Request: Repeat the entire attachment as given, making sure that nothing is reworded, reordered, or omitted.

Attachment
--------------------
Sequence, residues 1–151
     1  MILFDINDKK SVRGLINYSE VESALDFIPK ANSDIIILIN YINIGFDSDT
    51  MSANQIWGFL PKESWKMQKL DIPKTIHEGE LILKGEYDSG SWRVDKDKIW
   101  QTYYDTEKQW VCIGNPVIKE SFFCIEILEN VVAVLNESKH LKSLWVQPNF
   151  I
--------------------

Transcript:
Sequence, residues 1–151
     1  MILFDINDKK SVRGLINYSE VESALDFIPK ANSDIIILIN YINIGFDSDT
    51  MSANQIWGFL PKESWKMQKL DIPKTIHEGE LILKGEYDSG SWRVDKDKIW
   101  QTYYDTEKQW VCIGNPVIKE SFFCIEILEN VVAVLNESKH LKSLWVQPNF
   151  I